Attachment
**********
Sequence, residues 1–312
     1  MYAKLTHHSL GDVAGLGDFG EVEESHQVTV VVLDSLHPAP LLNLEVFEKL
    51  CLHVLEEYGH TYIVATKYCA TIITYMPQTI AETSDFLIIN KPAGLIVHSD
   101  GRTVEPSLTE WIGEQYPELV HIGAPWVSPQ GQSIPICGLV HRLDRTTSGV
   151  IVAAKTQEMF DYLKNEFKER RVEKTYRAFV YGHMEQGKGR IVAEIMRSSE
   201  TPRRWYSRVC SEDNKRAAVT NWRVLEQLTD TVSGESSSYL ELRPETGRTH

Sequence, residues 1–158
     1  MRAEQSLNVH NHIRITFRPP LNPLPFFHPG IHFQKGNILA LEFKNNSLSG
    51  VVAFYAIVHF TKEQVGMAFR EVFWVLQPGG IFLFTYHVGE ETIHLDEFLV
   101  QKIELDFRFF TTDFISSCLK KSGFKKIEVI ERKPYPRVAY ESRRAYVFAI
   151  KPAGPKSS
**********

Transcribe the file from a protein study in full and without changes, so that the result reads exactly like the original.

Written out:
Sequence, residues 1–312
     1  MYAKLTHHSL GDVAGLGDFG EVEESHQVTV VVLDSLHPAP LLNLEVFEKL
    51  CLHVLEEYGH TYIVATKYCA TIITYMPQTI AETSDFLIIN KPAGLIVHSD
   101  GRTVEPSLTE WIGEQYPELV HIGAPWVSPQ GQSIPICGLV HRLDRTTSGV
   151  IVAAKTQEMF DYLKNEFKER RVEKTYRAFV YGHMEQGKGR IVAEIMRSSE
   201  TPRRWYSRVC SEDNKRAAVT NWRVLEQLTD TVSGESSSYL ELRPETGRTH

Sequence, residues 1–158
     1  MRAEQSLNVH NHIRITFRPP LNPLPFFHPG IHFQKGNILA LEFKNNSLSG
    51  VVAFYAIVHF TKEQVGMAFR EVFWVLQPGG IFLFTYHVGE ETIHLDEFLV
   101  QKIELDFRFF TTDFISSCLK KSGFKKIEVI ERKPYPRVAY ESRRAYVFAI
   151  KPAGPKSS